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There are times when I miss having a big dog with a loud, ferocious bark. Whenever someone came to the door, one would have thought we had the Hound of Baskervilles even though she was a female golden retriever. Often, when I opened the front door a solicitor would have retreated about 30 feet to […]

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Martin Luther King Jr. has just been #MeToo-ed and it may be close to a Cosby level hit. Or is it? Please look to the original story in Standpoint Magazine, “The Troubling Legacy of Martin Luther King,” for your own assessment of the merits. What follows is a brief consideration of the MLK case, compared […]

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CBS this morning aired a recent interview their chief legal correspondent Jan Crawford did with Attorney General Bill Barr while he was in Alaska (addressing native concerns I think). This may be the best interview with a public servant I’ve heard. Ms. Crawford asked some very good questions, but it’s the depth in Bill Barr’s […]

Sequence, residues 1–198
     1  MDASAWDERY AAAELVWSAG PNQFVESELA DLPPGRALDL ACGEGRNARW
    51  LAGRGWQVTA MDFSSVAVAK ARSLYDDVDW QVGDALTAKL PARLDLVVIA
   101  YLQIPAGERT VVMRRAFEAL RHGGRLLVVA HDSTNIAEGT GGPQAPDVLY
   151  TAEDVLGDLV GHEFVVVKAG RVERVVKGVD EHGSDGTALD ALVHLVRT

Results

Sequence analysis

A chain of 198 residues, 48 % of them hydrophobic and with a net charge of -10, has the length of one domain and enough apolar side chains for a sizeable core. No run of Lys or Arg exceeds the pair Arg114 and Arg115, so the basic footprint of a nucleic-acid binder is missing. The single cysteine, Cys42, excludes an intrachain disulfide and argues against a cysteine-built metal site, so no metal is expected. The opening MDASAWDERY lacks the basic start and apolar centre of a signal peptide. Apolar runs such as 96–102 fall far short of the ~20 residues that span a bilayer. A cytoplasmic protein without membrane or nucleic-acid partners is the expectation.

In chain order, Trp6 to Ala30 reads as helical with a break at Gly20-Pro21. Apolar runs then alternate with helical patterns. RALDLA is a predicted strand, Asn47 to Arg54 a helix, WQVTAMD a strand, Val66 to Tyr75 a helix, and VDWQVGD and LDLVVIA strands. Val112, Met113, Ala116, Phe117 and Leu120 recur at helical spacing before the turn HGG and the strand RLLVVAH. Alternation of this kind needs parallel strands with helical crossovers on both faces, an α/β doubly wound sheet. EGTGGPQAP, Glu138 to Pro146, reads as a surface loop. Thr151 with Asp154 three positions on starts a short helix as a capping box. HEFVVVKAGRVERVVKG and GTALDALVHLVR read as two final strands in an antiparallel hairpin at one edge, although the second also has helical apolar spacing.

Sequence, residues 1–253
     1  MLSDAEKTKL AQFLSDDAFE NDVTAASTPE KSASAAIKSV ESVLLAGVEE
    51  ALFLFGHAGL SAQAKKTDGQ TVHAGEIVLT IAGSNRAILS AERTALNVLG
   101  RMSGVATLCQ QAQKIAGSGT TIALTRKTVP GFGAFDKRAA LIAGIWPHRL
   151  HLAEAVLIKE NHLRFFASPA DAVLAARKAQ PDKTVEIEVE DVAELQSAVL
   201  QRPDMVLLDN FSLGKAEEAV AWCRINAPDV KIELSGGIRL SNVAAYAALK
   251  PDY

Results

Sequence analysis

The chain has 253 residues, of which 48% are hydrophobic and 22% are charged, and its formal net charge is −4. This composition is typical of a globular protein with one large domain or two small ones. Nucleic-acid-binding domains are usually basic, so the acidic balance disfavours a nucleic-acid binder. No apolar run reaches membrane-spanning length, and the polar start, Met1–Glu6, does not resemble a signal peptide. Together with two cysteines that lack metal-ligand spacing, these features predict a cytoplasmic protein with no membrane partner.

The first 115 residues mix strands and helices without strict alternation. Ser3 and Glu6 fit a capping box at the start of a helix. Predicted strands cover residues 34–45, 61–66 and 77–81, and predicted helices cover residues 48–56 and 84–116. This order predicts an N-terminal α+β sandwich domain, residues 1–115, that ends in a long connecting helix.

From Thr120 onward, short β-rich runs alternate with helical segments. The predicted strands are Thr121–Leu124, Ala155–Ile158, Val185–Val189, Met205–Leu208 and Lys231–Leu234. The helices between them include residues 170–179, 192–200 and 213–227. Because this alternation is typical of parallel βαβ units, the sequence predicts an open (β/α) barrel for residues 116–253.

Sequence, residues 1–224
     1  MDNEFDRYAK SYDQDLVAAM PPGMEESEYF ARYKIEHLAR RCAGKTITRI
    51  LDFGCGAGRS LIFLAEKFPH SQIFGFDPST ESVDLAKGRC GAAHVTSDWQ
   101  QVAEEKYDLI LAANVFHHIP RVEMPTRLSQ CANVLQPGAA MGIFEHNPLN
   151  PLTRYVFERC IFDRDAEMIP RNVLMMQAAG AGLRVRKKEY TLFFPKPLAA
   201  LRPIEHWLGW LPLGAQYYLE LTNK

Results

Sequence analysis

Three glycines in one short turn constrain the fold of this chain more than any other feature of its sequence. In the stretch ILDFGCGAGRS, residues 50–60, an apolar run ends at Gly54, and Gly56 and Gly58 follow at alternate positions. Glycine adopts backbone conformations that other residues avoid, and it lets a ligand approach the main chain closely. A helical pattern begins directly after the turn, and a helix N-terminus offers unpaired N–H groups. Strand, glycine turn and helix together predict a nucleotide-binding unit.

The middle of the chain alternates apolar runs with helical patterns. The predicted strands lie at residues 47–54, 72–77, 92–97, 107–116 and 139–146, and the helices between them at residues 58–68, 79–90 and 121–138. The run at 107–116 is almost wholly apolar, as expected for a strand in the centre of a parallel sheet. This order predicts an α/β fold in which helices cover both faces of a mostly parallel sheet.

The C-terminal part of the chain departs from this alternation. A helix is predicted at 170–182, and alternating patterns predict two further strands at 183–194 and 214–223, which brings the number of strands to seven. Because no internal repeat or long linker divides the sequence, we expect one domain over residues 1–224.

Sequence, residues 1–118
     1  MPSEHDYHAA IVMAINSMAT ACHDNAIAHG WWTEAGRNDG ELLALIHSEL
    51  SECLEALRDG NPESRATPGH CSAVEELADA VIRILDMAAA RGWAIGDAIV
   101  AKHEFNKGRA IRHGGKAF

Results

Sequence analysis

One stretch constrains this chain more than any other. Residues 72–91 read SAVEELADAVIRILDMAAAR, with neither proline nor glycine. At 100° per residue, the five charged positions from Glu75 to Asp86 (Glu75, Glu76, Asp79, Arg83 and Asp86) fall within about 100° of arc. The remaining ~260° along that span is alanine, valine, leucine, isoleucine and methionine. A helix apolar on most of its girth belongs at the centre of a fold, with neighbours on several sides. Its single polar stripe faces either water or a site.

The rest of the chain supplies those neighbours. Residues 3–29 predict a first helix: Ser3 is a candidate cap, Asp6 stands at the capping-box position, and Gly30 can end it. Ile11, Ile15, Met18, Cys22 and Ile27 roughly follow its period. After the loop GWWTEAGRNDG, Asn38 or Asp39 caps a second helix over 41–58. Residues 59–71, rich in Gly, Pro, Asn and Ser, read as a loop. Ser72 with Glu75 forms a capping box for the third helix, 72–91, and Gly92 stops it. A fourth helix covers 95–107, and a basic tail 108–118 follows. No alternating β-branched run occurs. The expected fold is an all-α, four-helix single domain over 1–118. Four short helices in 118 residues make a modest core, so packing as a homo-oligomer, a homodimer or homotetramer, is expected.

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Those of us who are plugged in to politics (everyone who visits this site) are incredibly lucky to live in a time when we can access the intramural debates on the right in real time. You can pop back and forth between articles and responses to them, hear intense debates on podcasts (there were 3-4 […]

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Promoted from the Ricochet Member Feed by Editors Created with Sketch. Quote of the Day: Hayek